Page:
Saturdays are my long runs. Typically I meet my running club at 6:30am and we run about 7 miles. During marathon training season, some members of the running club meet at 6:00 am to run 3 miles prior to joining the remainder of the group at 6:30. This system allows the trainers to run 10 miles in total, while still running with the same group. Since I too am in marathon training mode, I have been joining the group at 6am for what we call the “Pre-Three.” I know where they meet, so all I have to do is drive to the meeting point, get off the car and follow the gang. And as I run the route, I enjoy the scenery and chat with my friends…but I pay no attention to what route i’m taking. This is somewhat of a flaw I have. I’m generally distracted and don’t focus on the routes.
Last week, however, was different. My marathon plan instructed me to run 12 miles but I had an event on Saturday and could not run with my group. Chatting with one of my running friends, he suggested I run on Sunday – the first 6 by myself and then he would meet me at our regular running spot for the next 6. I said “O.K” and the plan was made. I did not admit this to him, but I was TERRIFIED of running the first 6 miles alone. Although I had run the same course many times, all the streets looked the same to me. Plus, 6am is still dark – what if I missed a turn somewhere? Would I find my way back? This idea haunted me for two days, and suddenly it was Sunday and I was driving by myself to my usual starting point. My friend had sent a blast email to the group letting everyone know that I would be running at 6 and he would be joining me at 7 in case there were any runners who needed the miles that morning. So I was cautiously optimistic there would be someone there waiting for me (that knew the way). Close but no cigar. Since I knew I was likely to run alone that morning, I had a backup plan. I always track my runs using mapmyrun. That app has a map feature that tracks your route – now it doesn’t offer me a SIRI like gps that says “turn right in 200 feet” it only shows me as a little dot and i’m either on the red line or i’m not. If i’m not, I know i’m off my course. So my thought was, I will concentrate on the roads to make sure everything looks familiar, and when in doubt I will verify with mapmyrun that i’m on the red line.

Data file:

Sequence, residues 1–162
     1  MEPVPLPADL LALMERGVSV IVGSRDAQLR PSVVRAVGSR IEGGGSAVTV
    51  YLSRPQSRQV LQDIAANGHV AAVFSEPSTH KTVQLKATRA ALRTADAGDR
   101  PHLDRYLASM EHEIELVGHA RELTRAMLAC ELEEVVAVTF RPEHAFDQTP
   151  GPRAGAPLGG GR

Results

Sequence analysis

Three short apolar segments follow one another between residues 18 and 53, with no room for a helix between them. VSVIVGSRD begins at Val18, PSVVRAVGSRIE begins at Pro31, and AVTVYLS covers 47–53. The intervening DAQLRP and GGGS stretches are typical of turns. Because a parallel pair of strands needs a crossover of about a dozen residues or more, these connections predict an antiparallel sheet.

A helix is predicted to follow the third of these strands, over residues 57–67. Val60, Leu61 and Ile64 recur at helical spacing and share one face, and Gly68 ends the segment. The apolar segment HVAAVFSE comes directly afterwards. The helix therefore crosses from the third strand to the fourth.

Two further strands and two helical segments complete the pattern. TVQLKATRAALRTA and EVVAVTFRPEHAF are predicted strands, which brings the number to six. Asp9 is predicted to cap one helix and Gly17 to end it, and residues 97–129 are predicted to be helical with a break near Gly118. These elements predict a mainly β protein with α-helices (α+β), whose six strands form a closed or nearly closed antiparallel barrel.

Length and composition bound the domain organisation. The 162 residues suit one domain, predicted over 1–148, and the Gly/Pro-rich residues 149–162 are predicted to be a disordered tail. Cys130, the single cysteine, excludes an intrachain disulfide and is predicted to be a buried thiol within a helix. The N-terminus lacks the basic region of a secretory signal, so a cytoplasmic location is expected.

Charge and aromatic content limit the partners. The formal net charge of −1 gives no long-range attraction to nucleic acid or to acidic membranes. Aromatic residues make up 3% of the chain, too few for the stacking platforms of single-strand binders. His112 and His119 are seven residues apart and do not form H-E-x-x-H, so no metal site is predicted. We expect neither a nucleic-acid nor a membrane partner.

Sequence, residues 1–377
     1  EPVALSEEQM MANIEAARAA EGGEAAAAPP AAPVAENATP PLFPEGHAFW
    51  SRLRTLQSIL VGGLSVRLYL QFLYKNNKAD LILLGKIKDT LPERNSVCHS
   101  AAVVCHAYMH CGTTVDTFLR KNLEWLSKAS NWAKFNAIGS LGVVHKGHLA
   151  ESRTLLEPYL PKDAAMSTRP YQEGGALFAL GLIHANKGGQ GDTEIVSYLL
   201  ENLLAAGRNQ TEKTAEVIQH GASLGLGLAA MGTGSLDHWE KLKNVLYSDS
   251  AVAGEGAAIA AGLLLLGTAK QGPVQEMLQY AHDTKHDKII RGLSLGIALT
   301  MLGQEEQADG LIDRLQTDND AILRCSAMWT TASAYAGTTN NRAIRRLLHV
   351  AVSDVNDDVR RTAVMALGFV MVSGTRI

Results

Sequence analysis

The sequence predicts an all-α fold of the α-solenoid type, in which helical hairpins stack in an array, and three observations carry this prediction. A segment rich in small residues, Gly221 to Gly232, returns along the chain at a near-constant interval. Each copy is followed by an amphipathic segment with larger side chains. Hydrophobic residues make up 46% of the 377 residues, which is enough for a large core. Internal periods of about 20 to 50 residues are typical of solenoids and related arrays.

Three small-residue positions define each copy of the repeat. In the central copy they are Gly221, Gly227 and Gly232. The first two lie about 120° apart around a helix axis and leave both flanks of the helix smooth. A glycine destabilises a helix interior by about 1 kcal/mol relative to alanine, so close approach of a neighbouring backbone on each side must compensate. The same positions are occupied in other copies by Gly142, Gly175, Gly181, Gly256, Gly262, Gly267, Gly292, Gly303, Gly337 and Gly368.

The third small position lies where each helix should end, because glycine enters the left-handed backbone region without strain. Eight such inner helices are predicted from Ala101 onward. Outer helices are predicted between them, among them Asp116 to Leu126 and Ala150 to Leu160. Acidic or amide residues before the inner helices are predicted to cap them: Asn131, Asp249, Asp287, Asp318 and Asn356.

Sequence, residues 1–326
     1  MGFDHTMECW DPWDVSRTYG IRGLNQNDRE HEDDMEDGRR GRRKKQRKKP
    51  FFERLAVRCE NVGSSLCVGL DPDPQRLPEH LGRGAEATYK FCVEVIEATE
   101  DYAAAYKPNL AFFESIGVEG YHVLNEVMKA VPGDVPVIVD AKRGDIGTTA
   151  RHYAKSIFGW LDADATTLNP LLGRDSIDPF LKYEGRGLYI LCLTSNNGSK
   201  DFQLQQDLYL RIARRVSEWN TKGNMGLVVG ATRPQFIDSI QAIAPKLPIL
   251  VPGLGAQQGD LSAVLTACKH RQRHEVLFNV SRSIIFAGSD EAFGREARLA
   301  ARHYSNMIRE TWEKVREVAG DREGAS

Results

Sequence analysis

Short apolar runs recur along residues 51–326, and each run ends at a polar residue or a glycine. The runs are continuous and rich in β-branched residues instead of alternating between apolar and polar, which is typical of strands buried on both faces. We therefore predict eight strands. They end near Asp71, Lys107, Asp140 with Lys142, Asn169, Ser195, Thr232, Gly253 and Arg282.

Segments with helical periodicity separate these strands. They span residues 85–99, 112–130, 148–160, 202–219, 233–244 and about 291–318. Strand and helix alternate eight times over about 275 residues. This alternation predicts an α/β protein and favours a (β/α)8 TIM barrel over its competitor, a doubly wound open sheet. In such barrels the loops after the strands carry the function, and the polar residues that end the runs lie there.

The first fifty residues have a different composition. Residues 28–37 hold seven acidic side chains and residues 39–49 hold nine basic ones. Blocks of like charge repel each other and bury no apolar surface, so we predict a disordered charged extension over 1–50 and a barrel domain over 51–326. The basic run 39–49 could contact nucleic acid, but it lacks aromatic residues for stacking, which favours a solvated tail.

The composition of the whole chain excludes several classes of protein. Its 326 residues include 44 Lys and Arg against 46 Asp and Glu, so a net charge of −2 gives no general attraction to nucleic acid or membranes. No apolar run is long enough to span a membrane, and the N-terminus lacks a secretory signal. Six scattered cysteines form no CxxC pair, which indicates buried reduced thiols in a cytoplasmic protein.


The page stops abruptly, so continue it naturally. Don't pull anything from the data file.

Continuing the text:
I started my run and I was nervous but focused and alert. I paid close to attention to my surroundings, noting landmarks, street names, and familiar homes. Every time I’d look down and see my little dot on the red line, I felt a sense of relief and accomplishment. I did reach a road that I could not remember if I had to run left or run straight. I made a quick judgment call and ran straight and about 15 seconds later I realized my dot had gone off the red line. I immediately knew I had made the wrong call so I ran back and went left. I was back on track. After that it was a pretty straight shot and I grew increasingly confident. I reached the water stop, drank some and headed back to meet my partner for the next half of the run. On my way back, I felt such a sense of accomplishment and pride in myself. Even though I had been afraid, I confronted my fear, I stepped out of my comfort zone and here I was on the right track. I realized even though I don’t normally pay attention to the route, my body instinctively remembered the way (with the exception of the left turn which really was more me overthinking it).
And I thought, “this is life in a nutshell.” We don’t always know the direction we’re headed. Sometimes we just follow the crowd and if we are lucky enough to have the right guidance, our course is comfortable and successful. But there are moments in life when we have no choice but to travel the road alone. We have an aim which at that moment is ours and ours only. Although there have been those that have traveled that road before us, we set out nervously and cautiously hoping we stay on the red line and finish what we started. Maybe its a career path, or raising our kids; maybe its a spiritual journey. Sometimes we have to trust our instincts and sometimes we have look around to make sure we’re on the right track. But if we focus, if we stay alert, and if we choose the right path…with every turn and twist we gain confidence, strength and pride in ourselves. And we leave our footprints on the trail so those that follow behind us can follow the red line.